Appia’s “Queen’s English” accent, as he terms it, brings a light-hearted flavor to a book that grapples with very serious topics. Many of his anecdotes and examples take on a much livelier spin when read by Appia, and at times when I chuckled while reading, I laughed out loud hearing him articulate the lines.
Benjamin Dreyer is the copy chief at the Random House imprint. Dreyer’s English, his first book, is a codex for the most book-nerdy of us. It details Dreyer’s thoughts on editing prose and tries to paint a picture of what copy editing books is like. For those of us that copy edit, this book is essential. Dreyer’s English details and expresses a certain non-prescriptive (though not quite descriptive) form of editing that uses style books but does not equate them with dogma.
Dreyer is a funny writer, and typesets his jokes to read well on the page, often dropping the punchline below the set up so the reader is forced to keep the timing of a joke while moving their eyes across the page, but hearing Dreyer read the book allowed is even funnier. I have yet to find another book that can make a subject like copy editing into a fun comedic listen and read.
I dare say I do not need to introduce this author, as he may be one of the most famous authors alive right now. But, if you didn’t know Ta-Nehisi Coates reads Between the World and Me in the audiobook edition, and it is worth listening to. His voice adds a level of personal depth that is in the prose but is expanded when hearing him read his own words.
Note: If you have not read Between the World and Me, or do not know who Ta-Nehisi Coates is, stop what you are doing, go buy Between the World and Me, listen to the audiobook, then continue about your life changed by this phenomenal work.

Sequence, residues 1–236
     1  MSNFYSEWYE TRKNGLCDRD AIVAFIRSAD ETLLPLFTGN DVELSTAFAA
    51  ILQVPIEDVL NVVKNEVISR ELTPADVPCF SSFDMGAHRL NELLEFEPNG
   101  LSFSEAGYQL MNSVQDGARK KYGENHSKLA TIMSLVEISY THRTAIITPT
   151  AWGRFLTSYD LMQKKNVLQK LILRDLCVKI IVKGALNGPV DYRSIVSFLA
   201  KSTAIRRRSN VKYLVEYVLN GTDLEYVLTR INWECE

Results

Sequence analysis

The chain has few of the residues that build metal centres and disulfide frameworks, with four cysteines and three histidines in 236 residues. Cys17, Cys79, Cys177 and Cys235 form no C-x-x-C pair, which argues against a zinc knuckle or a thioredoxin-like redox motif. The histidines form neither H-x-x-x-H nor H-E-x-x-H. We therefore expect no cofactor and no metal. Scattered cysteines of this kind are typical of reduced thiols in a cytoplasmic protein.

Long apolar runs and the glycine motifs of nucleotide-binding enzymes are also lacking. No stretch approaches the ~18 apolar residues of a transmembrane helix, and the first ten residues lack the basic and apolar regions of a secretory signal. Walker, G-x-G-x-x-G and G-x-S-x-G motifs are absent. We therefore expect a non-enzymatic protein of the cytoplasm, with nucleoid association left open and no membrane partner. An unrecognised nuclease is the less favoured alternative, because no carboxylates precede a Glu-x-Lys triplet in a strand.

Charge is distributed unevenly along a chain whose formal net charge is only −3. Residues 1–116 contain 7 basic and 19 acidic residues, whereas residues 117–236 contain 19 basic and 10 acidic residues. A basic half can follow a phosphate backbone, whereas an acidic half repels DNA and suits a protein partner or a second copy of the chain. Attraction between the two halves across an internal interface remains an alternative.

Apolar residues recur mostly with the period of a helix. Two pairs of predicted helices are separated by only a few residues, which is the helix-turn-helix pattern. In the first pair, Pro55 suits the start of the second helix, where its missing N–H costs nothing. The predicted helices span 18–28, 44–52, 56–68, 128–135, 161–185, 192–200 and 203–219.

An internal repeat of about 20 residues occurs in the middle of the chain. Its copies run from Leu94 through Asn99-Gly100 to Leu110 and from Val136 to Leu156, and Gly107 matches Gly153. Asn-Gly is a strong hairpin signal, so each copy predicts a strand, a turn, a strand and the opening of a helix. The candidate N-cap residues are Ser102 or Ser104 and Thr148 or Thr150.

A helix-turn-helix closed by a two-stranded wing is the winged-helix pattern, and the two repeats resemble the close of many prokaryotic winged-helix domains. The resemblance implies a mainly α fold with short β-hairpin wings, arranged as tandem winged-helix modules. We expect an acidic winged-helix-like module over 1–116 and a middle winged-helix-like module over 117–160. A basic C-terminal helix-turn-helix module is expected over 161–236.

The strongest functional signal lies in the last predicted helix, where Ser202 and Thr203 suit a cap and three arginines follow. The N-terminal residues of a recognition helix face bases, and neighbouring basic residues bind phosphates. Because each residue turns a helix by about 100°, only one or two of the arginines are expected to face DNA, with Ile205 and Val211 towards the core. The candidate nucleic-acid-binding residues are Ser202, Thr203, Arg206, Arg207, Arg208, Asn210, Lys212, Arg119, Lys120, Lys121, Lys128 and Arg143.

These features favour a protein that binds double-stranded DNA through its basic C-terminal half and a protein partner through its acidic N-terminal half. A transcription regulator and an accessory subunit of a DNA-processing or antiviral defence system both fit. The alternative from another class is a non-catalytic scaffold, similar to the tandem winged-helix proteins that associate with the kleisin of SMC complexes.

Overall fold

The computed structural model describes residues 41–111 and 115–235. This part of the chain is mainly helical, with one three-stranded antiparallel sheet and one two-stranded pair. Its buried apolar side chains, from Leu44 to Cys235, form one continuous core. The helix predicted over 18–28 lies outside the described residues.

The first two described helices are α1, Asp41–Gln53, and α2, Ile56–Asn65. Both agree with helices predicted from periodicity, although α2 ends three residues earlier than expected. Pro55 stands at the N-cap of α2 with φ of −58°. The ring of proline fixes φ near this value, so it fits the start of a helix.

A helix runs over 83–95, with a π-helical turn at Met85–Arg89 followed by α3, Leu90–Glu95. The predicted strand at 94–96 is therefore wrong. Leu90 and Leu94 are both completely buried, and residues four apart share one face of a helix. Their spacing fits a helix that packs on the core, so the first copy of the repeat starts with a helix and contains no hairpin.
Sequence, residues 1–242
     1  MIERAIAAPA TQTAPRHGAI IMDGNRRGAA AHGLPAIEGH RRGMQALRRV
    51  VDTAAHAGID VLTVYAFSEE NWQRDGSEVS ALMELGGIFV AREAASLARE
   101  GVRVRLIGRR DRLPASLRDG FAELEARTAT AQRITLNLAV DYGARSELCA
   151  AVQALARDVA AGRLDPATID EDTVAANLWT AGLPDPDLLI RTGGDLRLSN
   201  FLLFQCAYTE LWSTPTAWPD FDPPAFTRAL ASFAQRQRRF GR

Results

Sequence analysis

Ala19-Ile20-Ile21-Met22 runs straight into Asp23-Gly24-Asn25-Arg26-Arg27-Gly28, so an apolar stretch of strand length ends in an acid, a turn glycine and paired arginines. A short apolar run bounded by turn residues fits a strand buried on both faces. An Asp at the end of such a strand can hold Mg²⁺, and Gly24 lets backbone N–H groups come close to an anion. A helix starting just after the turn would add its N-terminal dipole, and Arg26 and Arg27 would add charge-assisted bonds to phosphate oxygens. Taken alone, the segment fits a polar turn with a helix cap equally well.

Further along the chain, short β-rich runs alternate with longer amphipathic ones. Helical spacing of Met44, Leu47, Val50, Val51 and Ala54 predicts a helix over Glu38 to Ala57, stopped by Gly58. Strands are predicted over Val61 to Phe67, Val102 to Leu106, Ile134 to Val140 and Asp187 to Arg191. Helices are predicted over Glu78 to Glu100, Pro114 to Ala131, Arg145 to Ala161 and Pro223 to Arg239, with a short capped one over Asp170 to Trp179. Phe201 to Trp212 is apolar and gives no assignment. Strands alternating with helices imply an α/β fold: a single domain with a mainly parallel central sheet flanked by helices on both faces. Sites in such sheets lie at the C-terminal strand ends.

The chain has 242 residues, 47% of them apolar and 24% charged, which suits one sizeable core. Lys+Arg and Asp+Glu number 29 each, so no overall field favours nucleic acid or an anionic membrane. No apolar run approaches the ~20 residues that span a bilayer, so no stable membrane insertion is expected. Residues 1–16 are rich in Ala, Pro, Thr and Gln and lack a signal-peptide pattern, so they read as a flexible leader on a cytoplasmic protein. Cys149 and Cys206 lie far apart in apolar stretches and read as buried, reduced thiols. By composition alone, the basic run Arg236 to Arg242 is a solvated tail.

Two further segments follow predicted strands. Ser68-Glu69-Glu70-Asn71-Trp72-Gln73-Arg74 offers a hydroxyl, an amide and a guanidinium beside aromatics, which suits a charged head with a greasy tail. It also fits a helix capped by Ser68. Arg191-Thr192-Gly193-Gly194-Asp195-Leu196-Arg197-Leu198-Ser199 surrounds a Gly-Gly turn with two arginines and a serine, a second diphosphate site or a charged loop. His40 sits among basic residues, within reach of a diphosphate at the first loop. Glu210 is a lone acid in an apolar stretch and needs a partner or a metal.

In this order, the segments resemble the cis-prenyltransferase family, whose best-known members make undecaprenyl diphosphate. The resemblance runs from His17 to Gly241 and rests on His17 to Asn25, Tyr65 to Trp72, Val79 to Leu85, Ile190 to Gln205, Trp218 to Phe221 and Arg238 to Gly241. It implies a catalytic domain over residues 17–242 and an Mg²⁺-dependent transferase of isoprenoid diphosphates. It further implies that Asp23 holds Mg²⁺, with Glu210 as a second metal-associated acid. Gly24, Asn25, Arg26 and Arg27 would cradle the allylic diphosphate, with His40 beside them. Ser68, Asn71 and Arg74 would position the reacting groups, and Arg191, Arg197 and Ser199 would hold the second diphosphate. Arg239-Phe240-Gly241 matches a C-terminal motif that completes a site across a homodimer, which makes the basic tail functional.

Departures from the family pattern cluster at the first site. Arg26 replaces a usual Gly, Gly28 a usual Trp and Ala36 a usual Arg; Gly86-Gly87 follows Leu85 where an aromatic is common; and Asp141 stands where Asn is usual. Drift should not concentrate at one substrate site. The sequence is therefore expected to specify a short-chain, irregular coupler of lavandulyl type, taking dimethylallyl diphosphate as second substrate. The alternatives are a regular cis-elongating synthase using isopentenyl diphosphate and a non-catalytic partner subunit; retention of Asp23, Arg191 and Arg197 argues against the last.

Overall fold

Maya Angelou is maybe the most well-known Black poet to ever have lived in America. I doubt there are many avid readers who have not read her work, or at least know her name. She read at the inauguration of Bill Clinton in 1993, which is quite an amazing performance and can serve as a taste for the incredible tambour of her voice.
Angelou reads all her books for their audio editions, and each is quite incredible, but I Know Why the Caged Bird Sings is something exceptional. Her voice rings powerful as she reads allowing the book to echo across the decades in which it has existed for us to hear and read.
I hope this list points you in a good direction for books to listen to while you drive or do other activities. I do believe that listening to an audiobook read by the author can drastically change your perspective on the words. And, in conclusion, at every chance you have to hear a writer read their own work I hope you indulge yourself in the wonders and additional information that come from spoken prose.
Editor’s Note: Andrea Lawlor was removed from the list as she was incorrectly attributed as the narrator of Paul Takes the Form of a Mortal Girl.